As always, full texts are included, and detailed notes on the carols are preceded by an essay about The Oxford Book of Carols by Jeremy Summerly.

Earth's Wide Bounds (Albion Records, 2022)

This album is a choral compendium of works by Ralph Vaughan Williams comprising premiere recordings of both the Communion Service in G minor and the Nocturne: By the Bivouac's Fitful Flame, plus the Te Deum in G and hymns and anthems including Valiant for Truth.

The centrepiece here is the first complete recording of the Communion Service in G minor the 1923 English translation and revision of the Latin Mass in G minor which had been published just a year earlier. In keeping with the 1662 Anglican communion service then in use, the Gloria comes at the end; the service begins with sung responses to the ten commandments, read by Rowan Williams, former Archbishop of Canterbury.

Five movements require a quartet as well as a double chorus. William Vann has confidence in every member of his Chapel Choir of the Royal Hospital, Chelsea, so each of those movements has a different quartet, thus giving individual voice to 20 of the choristers.

It is surprising that 'By the Bivouac's Fitful Flame', an early Walt Whitman setting, has lain neglected in manuscript for so long. This lovely setting for unaccompanied chorus started life as a Ballade for quintet in 1904 and was revised as a Nocturne, still for quintet, in 1906. The choral version must have come soon afterwards, thus representing the next stage in the experiment.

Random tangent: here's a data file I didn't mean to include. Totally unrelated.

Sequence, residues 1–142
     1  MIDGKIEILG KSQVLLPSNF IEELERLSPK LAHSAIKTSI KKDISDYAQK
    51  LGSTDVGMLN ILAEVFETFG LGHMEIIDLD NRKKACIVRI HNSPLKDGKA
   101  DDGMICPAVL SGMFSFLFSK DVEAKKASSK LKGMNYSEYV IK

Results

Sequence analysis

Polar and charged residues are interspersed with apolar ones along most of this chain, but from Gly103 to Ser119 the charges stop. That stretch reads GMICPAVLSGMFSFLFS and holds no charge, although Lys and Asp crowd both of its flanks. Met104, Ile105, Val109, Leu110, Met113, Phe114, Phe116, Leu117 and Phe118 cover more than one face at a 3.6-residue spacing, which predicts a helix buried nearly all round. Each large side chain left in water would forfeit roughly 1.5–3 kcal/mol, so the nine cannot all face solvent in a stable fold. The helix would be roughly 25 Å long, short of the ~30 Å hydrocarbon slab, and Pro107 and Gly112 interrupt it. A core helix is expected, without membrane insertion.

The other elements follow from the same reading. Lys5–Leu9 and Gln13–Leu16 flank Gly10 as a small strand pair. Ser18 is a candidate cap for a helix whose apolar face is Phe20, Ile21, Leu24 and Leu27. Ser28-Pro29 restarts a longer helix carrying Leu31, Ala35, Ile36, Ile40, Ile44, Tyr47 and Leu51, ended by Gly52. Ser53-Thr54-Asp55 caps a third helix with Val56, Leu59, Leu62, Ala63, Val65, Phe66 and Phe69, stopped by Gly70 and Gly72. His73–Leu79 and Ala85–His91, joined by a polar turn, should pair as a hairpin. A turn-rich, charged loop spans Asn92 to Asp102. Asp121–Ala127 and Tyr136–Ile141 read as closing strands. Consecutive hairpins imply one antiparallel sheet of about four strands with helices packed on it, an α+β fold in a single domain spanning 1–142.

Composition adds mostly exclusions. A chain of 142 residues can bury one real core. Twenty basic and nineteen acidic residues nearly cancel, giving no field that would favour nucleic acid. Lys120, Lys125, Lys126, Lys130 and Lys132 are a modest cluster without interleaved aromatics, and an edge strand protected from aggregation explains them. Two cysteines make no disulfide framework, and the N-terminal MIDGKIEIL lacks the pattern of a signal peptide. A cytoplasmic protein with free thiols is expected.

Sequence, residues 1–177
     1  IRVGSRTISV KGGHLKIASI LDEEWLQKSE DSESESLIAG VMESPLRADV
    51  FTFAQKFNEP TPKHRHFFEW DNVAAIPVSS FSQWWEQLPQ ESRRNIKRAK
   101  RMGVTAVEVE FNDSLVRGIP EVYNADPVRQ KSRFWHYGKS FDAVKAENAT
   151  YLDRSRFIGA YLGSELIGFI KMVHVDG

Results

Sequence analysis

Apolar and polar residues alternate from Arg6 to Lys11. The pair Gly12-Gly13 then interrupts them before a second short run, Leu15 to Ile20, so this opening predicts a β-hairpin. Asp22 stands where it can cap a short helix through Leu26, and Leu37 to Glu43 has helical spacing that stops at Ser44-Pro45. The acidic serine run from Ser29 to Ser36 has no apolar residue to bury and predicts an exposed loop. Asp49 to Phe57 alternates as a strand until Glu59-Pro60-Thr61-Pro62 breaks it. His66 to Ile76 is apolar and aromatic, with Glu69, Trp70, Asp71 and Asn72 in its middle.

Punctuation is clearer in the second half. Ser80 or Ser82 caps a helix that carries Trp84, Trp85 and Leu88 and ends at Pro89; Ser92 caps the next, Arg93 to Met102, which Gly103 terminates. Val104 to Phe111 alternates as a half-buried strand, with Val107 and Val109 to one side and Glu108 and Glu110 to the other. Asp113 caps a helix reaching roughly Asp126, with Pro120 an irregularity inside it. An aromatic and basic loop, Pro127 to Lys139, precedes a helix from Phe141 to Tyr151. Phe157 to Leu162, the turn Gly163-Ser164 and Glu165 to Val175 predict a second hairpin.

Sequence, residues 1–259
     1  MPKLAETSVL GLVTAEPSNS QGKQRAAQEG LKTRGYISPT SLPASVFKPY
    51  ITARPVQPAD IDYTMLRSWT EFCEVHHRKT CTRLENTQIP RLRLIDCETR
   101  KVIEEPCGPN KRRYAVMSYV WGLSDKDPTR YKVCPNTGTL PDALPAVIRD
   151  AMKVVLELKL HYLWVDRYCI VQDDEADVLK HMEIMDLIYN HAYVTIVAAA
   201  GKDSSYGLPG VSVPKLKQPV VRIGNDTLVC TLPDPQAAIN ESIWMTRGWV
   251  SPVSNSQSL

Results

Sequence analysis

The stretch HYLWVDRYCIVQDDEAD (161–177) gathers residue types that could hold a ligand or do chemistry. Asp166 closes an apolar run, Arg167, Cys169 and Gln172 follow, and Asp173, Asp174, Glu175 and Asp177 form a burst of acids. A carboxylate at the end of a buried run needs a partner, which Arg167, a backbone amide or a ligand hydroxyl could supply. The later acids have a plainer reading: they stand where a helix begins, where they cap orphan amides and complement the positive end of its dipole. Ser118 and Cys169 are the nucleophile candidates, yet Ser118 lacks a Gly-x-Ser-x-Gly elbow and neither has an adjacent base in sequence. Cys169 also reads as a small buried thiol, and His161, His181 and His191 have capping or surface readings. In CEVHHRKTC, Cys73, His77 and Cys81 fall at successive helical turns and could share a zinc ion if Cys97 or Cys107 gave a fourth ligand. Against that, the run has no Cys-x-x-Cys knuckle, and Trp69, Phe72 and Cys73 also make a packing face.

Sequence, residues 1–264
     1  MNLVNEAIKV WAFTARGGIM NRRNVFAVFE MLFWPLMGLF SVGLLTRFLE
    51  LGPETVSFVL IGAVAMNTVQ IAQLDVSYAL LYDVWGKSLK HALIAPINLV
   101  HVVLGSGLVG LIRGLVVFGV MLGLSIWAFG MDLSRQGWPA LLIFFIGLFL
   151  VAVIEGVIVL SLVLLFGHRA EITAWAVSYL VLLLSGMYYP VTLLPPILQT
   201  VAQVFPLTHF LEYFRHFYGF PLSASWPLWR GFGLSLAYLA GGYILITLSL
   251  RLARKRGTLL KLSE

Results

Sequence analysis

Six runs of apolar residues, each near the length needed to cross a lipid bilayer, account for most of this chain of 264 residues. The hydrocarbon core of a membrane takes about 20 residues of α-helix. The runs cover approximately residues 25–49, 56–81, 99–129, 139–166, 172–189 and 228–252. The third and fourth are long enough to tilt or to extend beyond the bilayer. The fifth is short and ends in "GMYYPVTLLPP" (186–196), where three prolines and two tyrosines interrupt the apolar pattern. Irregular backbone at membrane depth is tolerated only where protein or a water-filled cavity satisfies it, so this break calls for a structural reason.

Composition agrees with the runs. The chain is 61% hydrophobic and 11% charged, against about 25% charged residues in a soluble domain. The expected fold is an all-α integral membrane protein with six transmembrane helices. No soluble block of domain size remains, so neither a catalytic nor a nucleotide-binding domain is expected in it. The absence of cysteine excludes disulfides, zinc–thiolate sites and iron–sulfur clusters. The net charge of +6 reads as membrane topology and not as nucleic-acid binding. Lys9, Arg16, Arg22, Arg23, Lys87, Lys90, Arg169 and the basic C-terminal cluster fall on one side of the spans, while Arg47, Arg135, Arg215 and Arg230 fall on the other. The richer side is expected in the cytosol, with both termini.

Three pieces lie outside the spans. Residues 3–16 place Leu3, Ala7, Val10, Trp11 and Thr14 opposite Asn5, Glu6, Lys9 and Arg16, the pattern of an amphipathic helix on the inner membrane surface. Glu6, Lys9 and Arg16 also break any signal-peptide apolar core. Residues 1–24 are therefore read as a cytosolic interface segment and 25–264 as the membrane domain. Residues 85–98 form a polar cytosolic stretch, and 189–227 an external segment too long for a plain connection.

'Valiant-for-Truth' is a popular work, but few of the standard reference books on RVW have very much to say about it. Even Michael Kennedy does little more than tell us that it was written in November 1940. That date when the war news was bleak is the key to the selection of the text. It has nothing to do with the (then unfinished) opera 'Pilgrim's Progress' it's drawn from altogether the wrong part of the novel but Mr Valiant-for-Truth had fought three 'rogues', emerging scarred but victorious; he passed through the River to his reward, 'and the trumpets all sounded for him on the other side.'"

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Brompton Cemetery Seed Sowing
Sowing wildflowers in memory of past Chelsea Pensioners

On 6 May, Chelsea Pensioners and members of the Royal Hospital’s grounds team joined representatives from the Royal Parks, the Royal Parks Guild and the Friends of Brompton Cemetery to sow a patch of wildflower seeds in Brompton Cemetery as part of the Battlefields and Butterflies initiative.

Chelsea Pensioner Centenarians
100 years old and still going strong

Recent research backs up the anecdote that Chelsea Pensioners not only live considerably longer than their peers outside (by over five years, on average), but that their lifetimes once they come to the Royal Hospital are extending, year on year. This strongly suggests that the care and community here contribute to greater longevity – as well as improving quality of life.